Seeking contributors to an article on event trends - apply within!

(Belinda Booker) #21

I like that. Can you give me an example of a ‘talking piece cocktail’? How can organisers tie-in their food and drink with the event and make it more experiential?

(Keir DuBois) #22

Belinda, this is a great question! I touched a little on upcoming/continuing event design trends in this post on my company’s blog; it’s for 2017, but each section (colors, fonts, messaging) has a “what’s next?” bit at the end that might work well for 2018. TL;DR would be:

Colors: a continuing glut (until they’re overplayed) of rich colors like purple, scarlet, and deep green with metallic accents (bright copper or gold). When that runs out of steam, we might see an oncoming vibrant palette of vivid colors like cornflower, aquamarine, and magenta, contrasted by somber gradients.

Typography: hand-lettered type hasn’t slowed down yet for display sizes or event collateral, but when it does crash, we expect to see basic, accessible fonts used well (like Open Sans for body copy, say). For headlines, we anticipate niche fonts used ironically, like blackletter or '70s style with clashing color/effects, and all-caps fading in favor of stuff that looks good in lower case.

Messaging: Effective restraint in all aspects of branding/messaging, for brevity, convenience, and maximum comprehension in minimal time. One hashtag at a time. Simpler/subtler logos & identity will leave plenty of space for interactive/crowd-streaming content that’s more heads-up than heads-down (like Twitter walls).

These separate but related trends show attendees will expect interactivity, entertainment, and restorative downtime—a "festivalization of events”—not just a bigger or better bang for their buck.

I hope this helps you!

(Belinda Booker) #23

Ooh great to hear from the perspective of a designer! Simplicity sounds like a good thing, but will it come at the expense of brand recognition?

(Keir DuBois) #24

It may, but I think that depends on how much a brand believes its own recognition is independent from the attendees’ experiences. A brand can try to define itself ad infinitum, but its users/customers/attendees’ perspective (based on their experience with it) is what will truly define it.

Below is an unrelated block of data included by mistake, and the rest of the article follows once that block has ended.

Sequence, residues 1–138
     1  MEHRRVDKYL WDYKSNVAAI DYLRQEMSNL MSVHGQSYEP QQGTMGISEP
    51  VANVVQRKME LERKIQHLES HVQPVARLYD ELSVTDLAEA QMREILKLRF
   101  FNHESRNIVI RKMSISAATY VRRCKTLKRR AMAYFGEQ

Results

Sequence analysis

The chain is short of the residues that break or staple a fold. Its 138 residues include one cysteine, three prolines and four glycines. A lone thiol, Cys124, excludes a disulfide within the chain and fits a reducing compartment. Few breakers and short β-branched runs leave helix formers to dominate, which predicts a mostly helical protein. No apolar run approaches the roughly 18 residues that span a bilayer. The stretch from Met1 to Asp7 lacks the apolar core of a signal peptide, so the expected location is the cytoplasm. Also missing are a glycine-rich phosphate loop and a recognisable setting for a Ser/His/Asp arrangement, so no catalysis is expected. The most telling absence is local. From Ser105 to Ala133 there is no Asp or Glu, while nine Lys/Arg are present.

In that sense, simplicity in design is so the brand can plant its flag and get out of the way, effectively saying “okay attendee, we’re not going to tell you how to feel about this, because we trust your take to be authentic.” It’s absolutely a risk, but it can pay off with loyalty and/or advocacy.

(Belinda Booker) #25

Yes. I guess you just have to work hard on getting that initial messaging right.

(Rachel Fay) #26

I can work at any size of event, and adapt the work to the number of people in the room.

The way in which I work with attendees depends on the number of people. It’s tailor-made to the specific event.

(Brenna Clarine) #27

Videos, videos, videos. Event videos and live streams amplify the engaging power of events. I like to look at it this way: videos are a way of carrying your event directly to those who could not attend. Event live streams make it possible for you to connect with a much wider audience as well as increase attendance to your event. Event videos are key to promoting an event on social media and other platforms. Videos are the only digital media that approach the level of engagement that an event provides.

That concludes my advice. I find a lot of my statements about event videos to be backed up by my blog’s articles on the topic: But I also think the insane and growing popularity of videos online proves my point.

Company website:

P.S., since you mentioned you’re looking for event professionals in different industries, I would like to mention that I am a blogger for Valoso, a company which provides event video production and event marketing services.

(Belinda Booker) #28

Thanks Brenna. I agree livestreaming will be far more commonplace next year. Are there any other new trends in how video is being used in events?

(Brenna Clarine) #29

Well, video extends to all parts of an event—before, during, and after.

  • Event video invites - Brands can create short video invites to encourage people to attend their event and invite their friends. These types of invites can be more fun to share than a traditional social media invitation.
  • Event promo videos - By creating a promotional video for an upcoming event, businesses can generate up to 1200% more shares than other promotional media. An event video can work wonders to brand a business.
  • Live feedback - If a brand is creating a new promo video or launch video of some sort, they can present the video at their event then obtain live survey feedback. This will help uncover what their target market does and does not like about the commercial.
  • Product launch - Creating a product launch video is best done by filming a product launch at an event. Capturing a real audience’s reactions to a new product, as well as perhaps a customer demonstration, is a great way to promote a product.

Does this answer your question, Belinda? :slight_smile:

(Belinda Booker) #30

Thanks Brenna - yes and no! I’m just wondering if you know about any innovations in video i.e. new ways videos are being used. I’m trying to identify emerging trends. Creating an event promo video isn’t a new concept, but perhaps people using video as event invites is one - are you seeing increasing amounts of this?

(Melissa Saunders) #31

Sounds like video is a must do then! Do you think organisers will be grabbing a camera from Currys and trying to deliver this themselves or bringing in experts?

(Belinda Booker) #32

Just to let you know, the events trends piece is now live - it’s a really interesting collection of predictions! Thanks to everyone who contributed :blush:

(Melissa Saunders) #33

Great blog & excited for the year ahead!